Rio fest organizers hope to raise profile

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RIO DE JANEIRO, Brazil -- For nearly a decade, the Rio de Janeiro Film Festival has focused on raising its international profile while remaining firmly committed to giving something back to the community.

For many residents living in Rio's low-income districts and project housing complexes known as favelas, cinemas do not exist or are simply too expensive. So each year, the festival offers free screenings in some of the city's poorest neighborhoods.

Brazil has 2,100-plus screens, but as Columbia Tristar GM Rodrigo Saturnino points out, most multiplexes are built in middle- and upper-class areas.

"The problem is that most theaters in Brazil are in shopping malls, and many working-class neighborhoods are not ideal areas to build malls," he said.

For this year's edition, which wrapped Oct. 4, one neighborhood where the festival projected open-air screenings is the notoriously dangerous Mare favela. There, organizers placed a large mobile screen in the middle of a courtyard where turf wars can erupt on any given night. Yet on these special evenings, rival gangs set their differences aside so that everyone can enjoy the free movies.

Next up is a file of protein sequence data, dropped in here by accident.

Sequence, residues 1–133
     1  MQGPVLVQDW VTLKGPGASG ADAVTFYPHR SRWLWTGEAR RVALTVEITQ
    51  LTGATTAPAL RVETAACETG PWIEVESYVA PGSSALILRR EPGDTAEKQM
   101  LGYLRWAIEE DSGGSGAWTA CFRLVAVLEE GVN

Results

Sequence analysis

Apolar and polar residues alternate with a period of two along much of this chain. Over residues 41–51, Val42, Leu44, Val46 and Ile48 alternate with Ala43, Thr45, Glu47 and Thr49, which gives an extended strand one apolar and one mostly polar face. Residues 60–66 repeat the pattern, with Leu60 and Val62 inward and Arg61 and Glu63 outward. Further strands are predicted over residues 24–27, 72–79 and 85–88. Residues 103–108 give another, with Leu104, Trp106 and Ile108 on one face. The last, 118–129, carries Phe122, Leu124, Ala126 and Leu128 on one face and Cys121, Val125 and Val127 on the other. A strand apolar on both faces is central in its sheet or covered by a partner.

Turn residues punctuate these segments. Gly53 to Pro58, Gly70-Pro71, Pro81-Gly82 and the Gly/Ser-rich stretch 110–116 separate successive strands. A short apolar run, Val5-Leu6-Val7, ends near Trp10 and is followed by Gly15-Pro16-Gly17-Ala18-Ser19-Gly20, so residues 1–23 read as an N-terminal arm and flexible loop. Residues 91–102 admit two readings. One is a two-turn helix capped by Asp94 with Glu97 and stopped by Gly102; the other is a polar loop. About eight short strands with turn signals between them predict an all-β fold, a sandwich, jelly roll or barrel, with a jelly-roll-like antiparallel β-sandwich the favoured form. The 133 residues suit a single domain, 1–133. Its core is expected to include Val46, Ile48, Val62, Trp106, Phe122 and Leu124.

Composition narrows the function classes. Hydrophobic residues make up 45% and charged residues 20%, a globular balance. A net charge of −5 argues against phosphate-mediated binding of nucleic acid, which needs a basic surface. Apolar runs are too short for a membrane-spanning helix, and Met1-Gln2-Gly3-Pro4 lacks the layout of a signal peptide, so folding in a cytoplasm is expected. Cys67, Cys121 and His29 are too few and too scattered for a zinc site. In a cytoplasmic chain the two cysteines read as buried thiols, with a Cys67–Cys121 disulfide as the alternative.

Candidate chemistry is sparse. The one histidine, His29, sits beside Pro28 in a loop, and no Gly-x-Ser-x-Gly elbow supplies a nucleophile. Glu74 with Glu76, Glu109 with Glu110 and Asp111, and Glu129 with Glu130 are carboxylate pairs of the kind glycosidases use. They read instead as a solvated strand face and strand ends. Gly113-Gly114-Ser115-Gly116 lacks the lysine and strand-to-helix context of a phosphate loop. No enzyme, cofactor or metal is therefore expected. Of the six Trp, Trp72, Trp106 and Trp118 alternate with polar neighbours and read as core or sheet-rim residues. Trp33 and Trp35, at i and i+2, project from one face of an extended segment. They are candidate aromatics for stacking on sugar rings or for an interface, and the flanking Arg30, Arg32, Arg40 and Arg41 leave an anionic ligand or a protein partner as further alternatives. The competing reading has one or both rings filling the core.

Ilda Santiago, who has directed the annual event since it began nine years ago, noted that the festival continues to place strong emphasis on making its market and seminars more attractive for industry executives, while at the same time it has expanded its offering of social projects, particularly for residents who can't afford to fork out $4 for a movie ticket.

"You're talking about an audience that normally doesn't get anything, so whenever they are given something, they are so happy," she said.

Organizers boast that Rio has become Latin America's largest film festival. This year, 300 pictures unspooled, drawing about 250,000 spectators. Santiago said the festival is Rio's third-biggest event of the year after Carnival and New Year's Eve festivities.

Next year, when it celebrates its 10th anniversary, Santiago says it's likely that the festival will have an open-air screening of "Another Love Story," a Romeo and Juliet-themed musical filmed in the Mare favela.

In addition to the free screenings, the festival also has workshops and seminars in working-class communities. Local directors, writers and technicians explain their crafts so that people far removed from the inner workings of the industry can develop a greater appreciation for the filmmaking process.

Rio is a city of extremes. Most visitors attending the festival understandably show reluctance to venture into the slums to determine whether such films as "Another Love Story" or Fernando Meirelles' "City of God" accurately portray violence in the favelas. Instead, they stay in expensive hotels and wine and dine in restaurants that line the three-mile stretch of Copacabana Beach.

Yet rich or poor, for two weeks out of the year, everyone in the city has access to Brazilian cinema.
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